The Pew Research Center released a report showing that, following a long-term decline, the number of stay-at-home moms is on the rise. Nearly 30 percent of American mothers with children under 18, Pew found, do not hold a job outside the home, up from 23 percent in 1999. On the surface, these findings would seem to represent a defeat for Sheryl Sandberg and her "Lean In" cohorts: More stay-at-home moms means that more women are opting out, eschewing "having it all" in favor of a more "traditional" arrangement in which the husband earns the money and the wife raises the kids.
Or does it?
The thing about the conversations surrounding women and work is that they tend to center around the idea of choice, and the decisions women -- from the career girls embracing their potentials as breadwinners to the feminist housewives who are "having it all by choosing to stay home" -- are making. But choice isn't a factor for everyone. In fact, Pew's report doesn't point to any sort of victory for women at all. Quite the opposite, actually.
What it does point to is the fact that the choices for moms are increasingly limited. A growing number of non-working mothers, Pew found, are unmarried. The percentage of children raised by a stay-at-home mother with a working husband has fallen to 20 percent, from above 40 in 1970. That is, it's not the privileged elite staying home to raise the kids, but increasingly single women living in poverty.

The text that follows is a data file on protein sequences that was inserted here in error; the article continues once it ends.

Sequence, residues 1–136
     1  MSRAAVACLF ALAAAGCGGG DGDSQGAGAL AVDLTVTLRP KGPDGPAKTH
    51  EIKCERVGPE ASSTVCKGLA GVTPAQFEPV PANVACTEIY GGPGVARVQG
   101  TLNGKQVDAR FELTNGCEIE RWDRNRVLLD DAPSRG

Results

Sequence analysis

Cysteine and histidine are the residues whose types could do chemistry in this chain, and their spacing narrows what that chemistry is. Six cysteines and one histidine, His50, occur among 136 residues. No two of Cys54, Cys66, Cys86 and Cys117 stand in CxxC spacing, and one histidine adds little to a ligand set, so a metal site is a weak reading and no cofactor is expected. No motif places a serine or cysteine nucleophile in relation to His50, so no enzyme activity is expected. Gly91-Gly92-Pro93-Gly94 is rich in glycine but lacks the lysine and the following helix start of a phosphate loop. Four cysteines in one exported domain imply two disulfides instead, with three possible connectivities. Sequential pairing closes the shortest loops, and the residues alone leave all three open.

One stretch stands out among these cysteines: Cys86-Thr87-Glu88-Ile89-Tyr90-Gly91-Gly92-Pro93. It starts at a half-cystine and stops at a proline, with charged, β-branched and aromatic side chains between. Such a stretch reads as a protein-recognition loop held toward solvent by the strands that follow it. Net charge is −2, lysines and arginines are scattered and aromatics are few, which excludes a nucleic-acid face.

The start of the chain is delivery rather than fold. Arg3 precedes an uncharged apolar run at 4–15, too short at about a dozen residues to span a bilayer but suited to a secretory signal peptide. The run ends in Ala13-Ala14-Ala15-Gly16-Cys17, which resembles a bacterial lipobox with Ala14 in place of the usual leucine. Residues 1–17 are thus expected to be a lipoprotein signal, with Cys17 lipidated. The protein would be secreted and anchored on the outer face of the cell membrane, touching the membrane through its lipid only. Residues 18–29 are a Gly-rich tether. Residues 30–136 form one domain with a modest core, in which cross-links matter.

And even among those stay-at-home moms who are married, six percent -- up from one percent in 2000 -- say they'd like to work, but either can't find a job or can't get hired. Others don't go back to work because of prohibitively high childcare costs. It doesn't help that salaries for women aren't rising in proportion to those for men; a Pew report from a few weeks back looked at the economic mobility of women compared to their parents and found women today earn less than their fathers did. The majority of men, on the other hand, out-earn their dads.
Indeed, the new findings are less about values than about economy. The new Pew report reveals that stay-at-home moms are younger, less likely to be white, less likely to have a college education, and more likely to have been born outside of the United States. 34 percent of them live in poverty. By contrast, those moms who choose to leave the workforce because they can afford to hovers around a mere 5 percent.
In the ongoing Mommy Wars, the stay-at-home mother has been, at turns, revered and demonized. But there's a third reality that rarely enters the discussion: Moms whose choices to do one or the other -- stay home or return to work -- are not really choices at all. The truth is that it's possible to use findings to satisfy a variety of agendas, to twist numbers to prove whatever point you're looking to make. And that the real story is often far more complex than the latest statistic. More women are staying home -- that's true. More women are working -- that's also true. But not all women get to decide between opting out or leaning in. That, as Pew has shown, is a luxury becoming increasingly rare.
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